Even more importantly, many SaaS providers restrict a customer’s data ownership rights within systems developed, owned, and operated by the provider. This approach can limit accessibility, compatibility, and future expansion if the customer decides to change direction or modify the system in the future.
System integrator approach
Companies can avoid these pitfalls by working with an unbiased third party to help develop ongoing energy sustainment programs. This third party should be committed to a “true integrator approach” that focuses on delivering the best solution for the client rather than selling particular products that may not meet the client’s long-term requirements.
The integrator should leverage best practices, open protocols, and standardized data access to create solutions that are fully owned by the customer. Emphasizing the importance of truly open platforms empowers customers with systems that can be easily maintained (internally or externally), commoditized, and continuously built upon to support the future demands of an expanding enterprise.
As an example, SAIC has adopted this true integrator approach as part of an ongoing real-time commissioning and energy services program at General Motors. Since 2007, SAIC has provided energy optimization and support services that include a team of energy engineers and systems integration subject matter experts. This team has helped General Motors build a comprehensive energy management platform that is based on a standardized and open architecture.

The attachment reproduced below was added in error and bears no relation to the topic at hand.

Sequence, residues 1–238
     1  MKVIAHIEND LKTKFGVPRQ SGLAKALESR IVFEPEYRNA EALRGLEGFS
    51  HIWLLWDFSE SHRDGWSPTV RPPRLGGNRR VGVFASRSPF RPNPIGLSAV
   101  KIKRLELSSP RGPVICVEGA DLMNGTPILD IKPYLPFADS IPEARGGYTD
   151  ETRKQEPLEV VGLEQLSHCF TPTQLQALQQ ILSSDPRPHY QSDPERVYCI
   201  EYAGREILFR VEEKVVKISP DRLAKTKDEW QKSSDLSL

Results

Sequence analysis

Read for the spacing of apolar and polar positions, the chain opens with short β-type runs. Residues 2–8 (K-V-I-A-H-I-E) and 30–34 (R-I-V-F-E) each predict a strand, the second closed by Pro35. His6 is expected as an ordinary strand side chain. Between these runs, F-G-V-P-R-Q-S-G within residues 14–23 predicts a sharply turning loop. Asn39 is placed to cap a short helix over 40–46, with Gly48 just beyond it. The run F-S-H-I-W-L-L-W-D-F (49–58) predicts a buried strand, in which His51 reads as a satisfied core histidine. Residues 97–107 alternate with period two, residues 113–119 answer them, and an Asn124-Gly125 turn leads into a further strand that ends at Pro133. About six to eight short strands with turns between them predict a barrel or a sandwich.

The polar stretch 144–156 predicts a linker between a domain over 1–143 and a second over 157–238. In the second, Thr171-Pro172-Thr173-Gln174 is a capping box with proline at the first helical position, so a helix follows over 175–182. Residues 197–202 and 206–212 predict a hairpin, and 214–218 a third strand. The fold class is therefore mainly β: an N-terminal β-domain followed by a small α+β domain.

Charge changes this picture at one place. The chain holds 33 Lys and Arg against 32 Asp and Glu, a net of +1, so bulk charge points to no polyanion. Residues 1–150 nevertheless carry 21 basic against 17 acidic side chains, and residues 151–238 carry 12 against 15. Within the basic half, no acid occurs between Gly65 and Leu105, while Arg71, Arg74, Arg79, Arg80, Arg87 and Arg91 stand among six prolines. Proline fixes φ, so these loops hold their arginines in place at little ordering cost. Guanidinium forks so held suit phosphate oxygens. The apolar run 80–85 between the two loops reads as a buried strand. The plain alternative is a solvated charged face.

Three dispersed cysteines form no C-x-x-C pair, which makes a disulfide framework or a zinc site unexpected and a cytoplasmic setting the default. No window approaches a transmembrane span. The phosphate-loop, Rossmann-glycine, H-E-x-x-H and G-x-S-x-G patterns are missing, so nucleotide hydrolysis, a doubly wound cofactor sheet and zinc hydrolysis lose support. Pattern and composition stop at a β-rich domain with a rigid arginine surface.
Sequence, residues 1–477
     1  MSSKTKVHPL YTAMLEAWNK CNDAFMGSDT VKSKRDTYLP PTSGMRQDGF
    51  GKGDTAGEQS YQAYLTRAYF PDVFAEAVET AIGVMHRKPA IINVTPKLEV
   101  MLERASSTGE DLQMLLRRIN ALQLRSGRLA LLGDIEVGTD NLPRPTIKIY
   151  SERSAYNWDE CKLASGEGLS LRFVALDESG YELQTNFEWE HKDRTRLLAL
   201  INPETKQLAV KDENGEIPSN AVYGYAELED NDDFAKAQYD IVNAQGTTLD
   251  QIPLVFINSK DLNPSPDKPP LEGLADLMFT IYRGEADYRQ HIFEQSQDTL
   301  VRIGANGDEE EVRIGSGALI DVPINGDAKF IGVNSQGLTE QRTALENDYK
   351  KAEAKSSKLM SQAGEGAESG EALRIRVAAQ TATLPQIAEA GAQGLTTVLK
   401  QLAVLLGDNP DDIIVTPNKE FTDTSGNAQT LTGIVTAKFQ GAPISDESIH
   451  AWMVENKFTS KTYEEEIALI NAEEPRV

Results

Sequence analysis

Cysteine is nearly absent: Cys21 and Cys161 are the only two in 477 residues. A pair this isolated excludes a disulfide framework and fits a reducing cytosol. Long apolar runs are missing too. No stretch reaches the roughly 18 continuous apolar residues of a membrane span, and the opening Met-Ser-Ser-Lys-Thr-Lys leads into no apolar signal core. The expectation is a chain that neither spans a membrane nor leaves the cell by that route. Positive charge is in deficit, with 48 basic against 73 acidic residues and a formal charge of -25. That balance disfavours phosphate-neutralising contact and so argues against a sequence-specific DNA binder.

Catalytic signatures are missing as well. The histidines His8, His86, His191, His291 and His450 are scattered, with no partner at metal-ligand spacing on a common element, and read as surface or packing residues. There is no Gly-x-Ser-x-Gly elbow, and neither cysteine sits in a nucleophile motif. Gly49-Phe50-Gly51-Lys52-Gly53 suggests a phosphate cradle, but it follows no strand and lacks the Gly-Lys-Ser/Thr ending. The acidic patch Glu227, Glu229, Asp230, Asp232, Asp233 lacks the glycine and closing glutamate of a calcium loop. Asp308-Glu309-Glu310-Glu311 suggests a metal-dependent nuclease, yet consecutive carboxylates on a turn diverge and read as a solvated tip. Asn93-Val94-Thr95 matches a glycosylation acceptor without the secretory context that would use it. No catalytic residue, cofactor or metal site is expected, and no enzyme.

Armed with enterprise-wide, web-based analytic tools, the team performs continuous evaluations to achieve the reduction of energy consumption while increasing facility operational ef ciency. The solution consolidates energy management system (EMS) data from approximately 30 separate manufacturing facilities in North America, covering more than 65 million square feet. Analysis provided by the SAIC team has directly contributed to corporate-wide energy reduction initiatives.
One recent example is the U.S. Environmental Protection Agency Energy Star Challenge for Industry where General Motors saved $50 million in energy costs and reduced energy intensity by 25% while avoiding more than 778,000 metric tons of excessive greenhouse gas emissions.
The energy services program has since expanded to analyze data from disparate facility systems, including electrical metering, natural gas, hot water/chilled water, and lighting, among others. Raw information populates customized performance metrics that are calculated each hour and are viewed using a standard web browser.
The SAIC energy assessment team provides optimization and energy savings opportunity reporting based on these metrics, continuous data mining, real-time equipment diagnostics/troubleshooting, and regular operational reviews with facility personnel. SAIC field teams perform regular evaluation of air balancing, scheduling/setpoint con guration and compliance, seasonal changeover efficiency, and enterprise-wide strategy coordination.